Shall we talk about Eclipse's record of since Delivery 1, again? 700lbs an hour, 3 people, VFR only. This is not exactly the stuff of Rich Guy and Owner-Operator wet dreams.

Just keep bailing, Oh Ye Faithful; the Promised Jet is surely just over the horizon. Vern said it, I believe it; that's all there is to it.
Gunner

airtaximan said...

G-

Yup, but while Vern's whistling dixie to the faithfull, and they're getting ready for a ho-down... all the while he's used their price of admission to put together a chinese buffet for his other friends.

Who knows, perhaps he'll give them first dibs to switch from the E500 to the E350, for no extra charge.

If he begins working on certification of the E250, perhaps he can deliver it before the E500 is finished and fixed.

Seriously (hard in this saga, I know) if I paid $million for a jet plane, and I discovered the guy was actually not building and fixing mine, I'd sue his ass and put him in jail for fraud.

But, then again, I know that would be the end of the company. There is probably only 1 person who can continue the money flowing into this fiasco. The guy is a magician at getting more money, and hey, that's rule number 1 in aviation.

"how do you make a small fortune in aviation?"

Start with a large one.

We can all admit, he's blown a few fortunes already with this silly little plane.

hummer said...

bonanza pilot
The number is $1.00 to $4.00 depending on the booking. Figure
2 seats at $3.00 is a more likely scenario. Or 3 seats at $2.00. with one stop.
It will still be very interesting to see how it "flies".
No pun intended.

hummer said...
This comment has been removed by the author.
Ken Meyer said...

gunner wrote,

"sooner or later, it's not going to be about The Faithful playing with paper airplanes and future promises"

Or about gunner's broken record...

"The Eclipse isn't done yet, so I bought a fully-finished D-Jet...

Tra-la-la-la-la-la-la-la"

Talk about the pot calling the kettle black. You're concerned that Eclipse, despite the type certificate for their plane and the recently-awarded production certificate, hasn't yet produced their aircraft with all the neat features they've promised. And they're right now under a temporary AD. So, how did you resolve your little dilemma? You bought a 100% paper airplane with no type certificate and no particular reason to believe it will ever have one. And if indeed it ever does, it's limited to 25,000 feet, burns more fuel yet flies a lot slower than the plane you're slamming. As incomprehensible as it might be to some; probably it made sense to you.

But haven't you made that pitch enough yet? OK, there are some things still coming before the Eclipse meets contracted specifications. I agree with that. So what; what's your point?

Are you saying they're not going to provide those things? If that's the thrust of your argument, why don't you just say it instead of relying on the moronic "The Eclipse isn't done yet, so I decided to buy an even less-completed airplane instead." I think the argument you keep making (over and over and over and over again) just doesn't make any sense to anybody with a brain. Of course the Eclipse isn't 100% completed. Duh! Did anybody say it was??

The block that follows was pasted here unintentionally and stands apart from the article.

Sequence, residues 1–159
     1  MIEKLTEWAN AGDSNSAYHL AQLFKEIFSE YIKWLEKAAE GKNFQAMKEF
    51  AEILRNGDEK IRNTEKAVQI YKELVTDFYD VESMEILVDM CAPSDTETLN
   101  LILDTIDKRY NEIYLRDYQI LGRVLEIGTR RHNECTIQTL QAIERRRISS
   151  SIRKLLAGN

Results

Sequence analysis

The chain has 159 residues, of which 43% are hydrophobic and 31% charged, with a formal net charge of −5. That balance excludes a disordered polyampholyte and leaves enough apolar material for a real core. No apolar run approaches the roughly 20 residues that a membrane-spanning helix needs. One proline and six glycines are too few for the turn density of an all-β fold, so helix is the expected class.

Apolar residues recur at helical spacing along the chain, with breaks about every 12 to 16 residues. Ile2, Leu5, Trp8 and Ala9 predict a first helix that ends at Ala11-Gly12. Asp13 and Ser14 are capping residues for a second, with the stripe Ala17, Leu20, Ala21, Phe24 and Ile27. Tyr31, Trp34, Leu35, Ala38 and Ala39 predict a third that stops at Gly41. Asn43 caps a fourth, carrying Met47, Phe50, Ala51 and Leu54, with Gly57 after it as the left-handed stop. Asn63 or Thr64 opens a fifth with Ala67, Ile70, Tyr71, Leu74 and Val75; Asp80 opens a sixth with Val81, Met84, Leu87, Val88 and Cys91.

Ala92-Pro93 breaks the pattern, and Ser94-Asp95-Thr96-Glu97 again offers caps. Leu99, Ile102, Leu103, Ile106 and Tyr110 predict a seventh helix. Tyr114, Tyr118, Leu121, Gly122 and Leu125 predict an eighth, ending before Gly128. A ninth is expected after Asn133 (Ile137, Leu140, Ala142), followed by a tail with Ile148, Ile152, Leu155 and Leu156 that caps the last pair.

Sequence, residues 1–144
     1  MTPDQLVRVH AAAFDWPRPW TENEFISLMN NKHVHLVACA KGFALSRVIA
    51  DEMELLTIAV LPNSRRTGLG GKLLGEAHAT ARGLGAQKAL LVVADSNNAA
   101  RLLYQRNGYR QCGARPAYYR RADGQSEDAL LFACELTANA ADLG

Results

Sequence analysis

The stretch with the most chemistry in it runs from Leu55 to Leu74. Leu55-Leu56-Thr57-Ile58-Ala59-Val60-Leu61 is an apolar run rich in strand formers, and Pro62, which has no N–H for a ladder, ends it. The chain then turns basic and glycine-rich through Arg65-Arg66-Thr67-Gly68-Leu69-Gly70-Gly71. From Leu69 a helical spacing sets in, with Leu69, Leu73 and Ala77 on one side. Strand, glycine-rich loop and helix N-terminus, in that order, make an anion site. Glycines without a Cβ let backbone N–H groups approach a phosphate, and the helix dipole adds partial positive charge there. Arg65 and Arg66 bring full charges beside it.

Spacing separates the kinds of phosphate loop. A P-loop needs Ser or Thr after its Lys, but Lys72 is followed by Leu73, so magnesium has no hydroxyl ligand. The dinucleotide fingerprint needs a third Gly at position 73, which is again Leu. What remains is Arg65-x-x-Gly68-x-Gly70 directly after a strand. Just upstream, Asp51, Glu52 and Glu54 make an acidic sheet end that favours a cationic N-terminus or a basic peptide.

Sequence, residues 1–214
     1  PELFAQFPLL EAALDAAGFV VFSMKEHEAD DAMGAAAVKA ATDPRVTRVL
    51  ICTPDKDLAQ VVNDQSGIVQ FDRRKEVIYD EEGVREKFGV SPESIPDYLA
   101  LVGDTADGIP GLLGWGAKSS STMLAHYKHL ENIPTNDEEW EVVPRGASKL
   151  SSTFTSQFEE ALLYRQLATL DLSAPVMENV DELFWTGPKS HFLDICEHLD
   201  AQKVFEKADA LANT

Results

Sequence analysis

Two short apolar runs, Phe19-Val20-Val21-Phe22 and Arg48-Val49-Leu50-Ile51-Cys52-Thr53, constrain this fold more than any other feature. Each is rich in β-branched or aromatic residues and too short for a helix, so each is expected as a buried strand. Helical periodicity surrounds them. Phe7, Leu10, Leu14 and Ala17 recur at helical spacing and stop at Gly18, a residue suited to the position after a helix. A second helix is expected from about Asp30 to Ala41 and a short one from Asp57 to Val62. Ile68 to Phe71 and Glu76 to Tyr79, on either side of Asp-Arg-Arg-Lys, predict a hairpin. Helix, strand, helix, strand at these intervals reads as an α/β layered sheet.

Can we keep the conversation moving forward or must you continue to slam everybody over the head again and again with a worthless argument you've already made ad nauseum?

Ken

Ken Meyer said...
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Ken Meyer said...

sparky wrote,

"Care to elaborate on how you came up with those figures?"

Sure.

Assumptions:

600 nm trip

Mustang does 310 KTAS block and burns 90 gph block (it actually burns more and the block speed is a little less, but I didn't want to be accused of slanting the numbers at all).

CJ2 does 361 KTAS block and burns 141 gph block. The numbers are from Conklin & deDecker

Eclipse does 307 KTAS block and burns 68 gph block.

Fuel is $4 per gallon.

Engine reserves are from JSSI. I used $206 per hour for the Eclipse for maintenance, parts and engine reserve (choosing to ignore JetComplete pricing altogether since it is currently in flux).

I used C & D figures for insurance, hangar and other expenses common to each aircraft.

Here again are the bottom line figures:

Direct Operating Expenses:

Eclipse: $1.35
Mustang: $2.13
CJ2: $3.94

Total costs:

Eclipse: $2.70*
Mustang: $4.08
CJ2: $6.45

Anything else you want to know?

The thing you have to understand is that I am an aircraft OWNER. I pay the bills. What the aircraft costs to operate is important to me. Somebody else who just flies the thing can come right up and say, "I think the CJ2 flies faster and higher and carries more." He's probably right. But whoever is saying that is not an aircraft OWNER who actually pays the bills :)

You simply cannot beat the Eclipse for cost-effective jet ownership.

Ken

*math error corrected from previous posting